The MPPT is operating as it always does - as a buck (or in some cases a boost) converter, regardless of the charging phase. The difference between this and PWM is that current in != current out. With PWM I_in = I_out, always. This is often not a big deal, but if you have loads running while in float, it can be. You want to support the loads off of the solar as much as possible. If you can't convert the extra panels volts to current then you are throwing away power that then has to be put back into the batteries by the solar panels. So in short, MPPT is working even in float. On technical note, a buck converter has a large inductor in it, so while you are PWM'ing a transistor on the input side, as long as the inductor isn't saturated you won't see the voltage move as the field collapse in the inductor is holding the voltage up. This is different from PWM where you will see the voltage oscillate up and down based on the state of the transistor. In Float the MPPT controller keeps the voltage to the battery at the Float set-point, but the issue is the controller wrt the panel voltage. The panel voltage that you can measure is actually a sort of average between on and off farther down (higher voltage) the IV curve knee than Vp and it varies with the load changes during Float. If you don't want to call that on/off "PWM" give it another name, but some or all MPPT controller booklets call it PWM.
FWC 01/27/21 09:45am Tech Issues
RE: Calling on Solar Techies

Well said Steve. There are several misconceptions in this thread. As stated well designed MPPT does not switch to PWM in absorption and float. It switches to CV (constant voltage) mode. Consider the edge case for a second - a 100V string of panels feeding a 12V battery, for half of the absorption phase the charge current is > 50% of the bulk current, if it was in PWM mode the current would be limited to about 15% of the bulk charge current. Secondly in float charge the current is very low, so you typically don't get any extra power out of an MPPT, but it is still not acting as a PWM charger. Consider if you turn a load on - the charger will ramp up the current to carry the load while keeping the voltage at the float set point (until it maxes out the available power). The other thing to consider is that solar panels are NOT constant voltage sources, they are closer to constant current sources. This is hard to conceptualize, but will help understand how MPPT harvests 'lost power'. For the OP, this doesn't make a huge difference as his panels are in parallel and it is a small system, but it is important to provide accurate information. I tdhink people need to learn more about MPPT chargers before they recomend against them..... yes they benifit more during bulk charging, no they do not switch to PWM mode, they are a three stage MPPT charger so basicly a DC_DC charger that converts DC to AC then back to DC at the most efficent combination ov voltage vs current. in the summer on a nice day they may only give you an aditional 10% but in the winter when it is cold that number can go up to 40% or when its raining or overcast it will be inbetween. also you could basicly run pannels in series lowering the current while raising the voltage which allows you to get away with a small cable and less loss than running in parallel. if you can aford it it is always worth getting a MPPT controler, if you cant then dont worry about it, but you can always upgrade later, would just mean reconfiguring your pannels to take advantage of a series setup. Steve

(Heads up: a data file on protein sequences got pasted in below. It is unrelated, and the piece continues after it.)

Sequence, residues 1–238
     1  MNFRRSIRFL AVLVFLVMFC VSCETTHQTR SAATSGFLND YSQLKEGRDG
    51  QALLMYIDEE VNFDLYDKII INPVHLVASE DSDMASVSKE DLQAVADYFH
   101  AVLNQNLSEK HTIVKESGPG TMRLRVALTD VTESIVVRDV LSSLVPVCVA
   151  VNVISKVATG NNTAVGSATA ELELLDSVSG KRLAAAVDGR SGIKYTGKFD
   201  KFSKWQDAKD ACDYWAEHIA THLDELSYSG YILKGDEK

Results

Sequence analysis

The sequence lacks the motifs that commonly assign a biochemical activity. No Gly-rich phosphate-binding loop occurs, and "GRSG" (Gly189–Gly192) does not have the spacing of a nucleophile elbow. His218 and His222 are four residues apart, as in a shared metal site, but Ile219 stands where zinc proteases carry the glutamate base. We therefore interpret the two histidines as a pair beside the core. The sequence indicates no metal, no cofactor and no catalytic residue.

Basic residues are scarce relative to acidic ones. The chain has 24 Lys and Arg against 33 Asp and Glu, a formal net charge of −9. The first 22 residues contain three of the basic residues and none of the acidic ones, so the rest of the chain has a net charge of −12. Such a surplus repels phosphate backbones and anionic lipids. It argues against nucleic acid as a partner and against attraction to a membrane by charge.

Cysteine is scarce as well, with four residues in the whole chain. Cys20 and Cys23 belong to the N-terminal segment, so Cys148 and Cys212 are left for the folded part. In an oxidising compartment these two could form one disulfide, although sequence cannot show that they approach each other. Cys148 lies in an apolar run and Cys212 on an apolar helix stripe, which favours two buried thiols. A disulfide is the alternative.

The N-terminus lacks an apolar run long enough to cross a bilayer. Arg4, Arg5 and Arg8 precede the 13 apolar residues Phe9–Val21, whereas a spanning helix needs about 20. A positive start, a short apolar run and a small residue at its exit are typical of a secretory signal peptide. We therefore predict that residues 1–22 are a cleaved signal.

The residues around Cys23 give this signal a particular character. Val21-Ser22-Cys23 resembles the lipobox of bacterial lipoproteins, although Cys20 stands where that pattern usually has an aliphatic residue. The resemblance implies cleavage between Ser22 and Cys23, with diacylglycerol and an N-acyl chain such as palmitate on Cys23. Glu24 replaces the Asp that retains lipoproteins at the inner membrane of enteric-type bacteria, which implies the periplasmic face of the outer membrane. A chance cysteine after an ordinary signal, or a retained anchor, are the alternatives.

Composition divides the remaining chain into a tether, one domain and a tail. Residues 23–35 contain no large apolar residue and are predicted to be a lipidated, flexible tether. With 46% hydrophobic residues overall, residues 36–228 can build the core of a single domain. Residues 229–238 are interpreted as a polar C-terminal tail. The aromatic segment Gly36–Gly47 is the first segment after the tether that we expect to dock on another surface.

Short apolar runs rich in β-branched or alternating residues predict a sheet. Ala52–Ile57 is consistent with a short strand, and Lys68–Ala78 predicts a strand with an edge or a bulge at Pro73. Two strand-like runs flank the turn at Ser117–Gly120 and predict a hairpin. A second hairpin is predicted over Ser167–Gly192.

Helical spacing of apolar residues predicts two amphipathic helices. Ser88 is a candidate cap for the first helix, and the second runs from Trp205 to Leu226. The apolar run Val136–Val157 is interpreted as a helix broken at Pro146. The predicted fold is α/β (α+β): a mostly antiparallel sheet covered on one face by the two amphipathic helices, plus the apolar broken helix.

FWC 01/27/21 08:59am Tech Issues
RE: SiO2 Batteries

What is your intended use?
FWC 01/26/21 04:42pm Truck Campers
RE: Calling on Solar Techies

That article only applies for large (likely residential) installations when you have a large number of strings of panels in parallel and the wiring (or other panels) is not rated for a short circuit current of the strings. This wouldn't apply in this situation or 90% of RV based solar installs. So in short (hah!) there is no need for a fuse between the panels and controller in the installation being discussed here. Although it won't cause any harm.
FWC 01/23/21 08:46am Tech Issues